Contributory negligence

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For other uses, see Negligence (disambiguation).

Contributory negligence in common-law jurisdictions is generally a defense to a claim based on negligence, an action in Tort. This principle is relevant to the determination of liability and is applicable when plaintiffs/claimants have, through their own negligence, contributed to the harm they suffered. It can also be applied by the Court in a Tort matter irrespective of whether it was pleaded as a defence.

For example, a pedestrian crosses a road negligently and is hit by a driver who was driving negligently. Since the pedestrian has also contributed to the accident, they may be barred from complete and full recovery of damages from the driver (or their insurer) because the accident was less likely to occur if it weren't for their failure to keep a proper lookout. Another example of contributory negligence is where a plaintiff actively disregards warnings or fails to take reasonable steps for his or her safety, then assumes a certain level of risk in a given activity; such as diving in shallow water without checking the depth first.

In some jurisdictions, the doctrine states that a victim who is at fault to any degree, including only 1% at fault, may be denied compensation entirely. This is known as pure contributory negligence.[1]:85 In the United States, the pure contributory negligence only applies in Alabama, the District of Columbia, Maryland, North Carolina, and Virginia. Indiana applies pure contributory negligence to medical malpractice cases and tort claims against the state government.

In England and Wales, it is not possible to defeat a claim under contributory negligence and therefore completely deny the victim compensation. It does however allow for a reduction in damages recoverable to the extent that the court sees fit.[2] [3] In India compensation in favour of victim gets reduced in proportion with his negligence.

In Australia, particularly New South Wales, the award of damages is reduced by the same percentage as the Plaintiff's own negligence.[4] For example, if the Plaintiff was 50% negligent in causing his or her own accident, but would otherwise be entitled to $100,000 in damages, a Court will only award $50,000. A Court may also find that 100% contributory negligence is applicable in which case the Plaintiff is not entitled to any damages.[5] Determining the extent of the contributory negligence is subjective and heavily dependent on the evidence available. Parties will often work to negotiate a mutually satisfactory percentage figure when engaging in Alternative Dispute Resolution (such as Mediation). If the matter does not settle, a percentage figure is ultimately assigned by the Court at the Hearing.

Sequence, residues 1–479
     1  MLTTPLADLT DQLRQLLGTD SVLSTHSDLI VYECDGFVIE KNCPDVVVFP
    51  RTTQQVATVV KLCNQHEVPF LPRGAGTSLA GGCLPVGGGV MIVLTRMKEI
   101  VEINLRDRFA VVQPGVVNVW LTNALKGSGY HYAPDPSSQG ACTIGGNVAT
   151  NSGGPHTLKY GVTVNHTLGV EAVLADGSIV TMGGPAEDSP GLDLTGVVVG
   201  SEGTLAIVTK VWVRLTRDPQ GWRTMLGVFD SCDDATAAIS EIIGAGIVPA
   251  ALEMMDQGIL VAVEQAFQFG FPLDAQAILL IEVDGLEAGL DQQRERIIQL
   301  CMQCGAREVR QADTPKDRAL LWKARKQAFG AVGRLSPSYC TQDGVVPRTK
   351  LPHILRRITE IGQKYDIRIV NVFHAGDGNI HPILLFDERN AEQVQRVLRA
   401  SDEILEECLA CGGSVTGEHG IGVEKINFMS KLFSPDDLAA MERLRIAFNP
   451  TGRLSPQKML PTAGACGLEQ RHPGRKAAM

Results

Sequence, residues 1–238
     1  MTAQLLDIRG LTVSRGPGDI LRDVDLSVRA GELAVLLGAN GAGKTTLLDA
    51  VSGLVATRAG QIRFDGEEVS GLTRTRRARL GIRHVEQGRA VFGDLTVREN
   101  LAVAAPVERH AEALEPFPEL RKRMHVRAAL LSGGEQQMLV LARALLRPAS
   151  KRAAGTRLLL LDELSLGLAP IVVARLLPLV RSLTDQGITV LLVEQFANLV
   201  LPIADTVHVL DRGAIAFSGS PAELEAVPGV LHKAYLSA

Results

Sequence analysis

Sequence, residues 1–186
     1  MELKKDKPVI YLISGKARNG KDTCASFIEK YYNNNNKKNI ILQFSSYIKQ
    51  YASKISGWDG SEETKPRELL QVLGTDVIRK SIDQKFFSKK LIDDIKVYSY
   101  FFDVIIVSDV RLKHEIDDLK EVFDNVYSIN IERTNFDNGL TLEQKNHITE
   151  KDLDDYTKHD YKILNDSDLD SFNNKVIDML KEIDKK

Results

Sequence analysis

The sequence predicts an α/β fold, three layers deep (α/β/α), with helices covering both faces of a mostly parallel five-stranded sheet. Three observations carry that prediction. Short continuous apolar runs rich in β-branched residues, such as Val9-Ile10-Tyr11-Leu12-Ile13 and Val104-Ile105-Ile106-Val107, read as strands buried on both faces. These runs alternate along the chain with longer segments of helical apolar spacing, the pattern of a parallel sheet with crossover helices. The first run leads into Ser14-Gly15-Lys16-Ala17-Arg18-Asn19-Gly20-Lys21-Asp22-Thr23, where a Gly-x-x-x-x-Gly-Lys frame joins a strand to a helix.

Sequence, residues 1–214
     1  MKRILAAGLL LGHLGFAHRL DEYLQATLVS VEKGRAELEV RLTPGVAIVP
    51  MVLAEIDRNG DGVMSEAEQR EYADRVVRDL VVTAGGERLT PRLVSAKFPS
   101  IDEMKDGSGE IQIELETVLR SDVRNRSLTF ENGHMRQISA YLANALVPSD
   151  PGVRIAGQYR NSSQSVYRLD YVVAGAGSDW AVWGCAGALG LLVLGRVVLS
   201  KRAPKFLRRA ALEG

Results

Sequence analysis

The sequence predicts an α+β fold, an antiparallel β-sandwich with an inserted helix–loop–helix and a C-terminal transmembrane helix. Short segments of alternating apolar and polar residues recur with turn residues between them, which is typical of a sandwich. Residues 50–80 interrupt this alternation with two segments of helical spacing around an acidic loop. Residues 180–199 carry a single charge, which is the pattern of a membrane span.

Burden of proof[edit]

In some jurisdictions, the defendant has to prove the negligence of a plaintiff or claimant. In others, the burden of proof is on a plaintiff to disprove his or her own negligence. Even if the plaintiff was negligent, the tortfeasor may still be held liable, if he or she had the last clear chance to prevent the injury.

Availability[edit]

Contributory negligence is generally a defense to a tort of negligence. The defense is not available if the tortfeasor's conduct amounts to malicious or intentional wrongdoing, rather than to ordinary negligence. In England and Wales, it is not a defence to the tort of conversion or trespass to chattels. In the U.S., it is not a defense to any intentional tort. In Australia, contributory negligence is available when the plaintiff's own negligence contributed to its own injuries.[6] Also refer to Pennington v Norris for second test[1]

Culture[edit]

"Contributory Negligence" was the title of a circa 1982 poem by Attila the Stockbroker, a performance poet in the UK. The poem criticized a court decision where a rapist escaped heavy punishment and was ordered to pay only a fine on the ground that the women in some way provoked or contributed to the rape.

History[edit]

The doctrine of contributory negligence was dominant in U.S. jurisprudence in the 19th and 20th century.[1] The English case Butterfield v. Forrester is generally recognized as the first appearance, although ironically in this case the judge found the victim to be the sole proximate cause of the injury.[1]

See also[edit]

References[edit]

[7]

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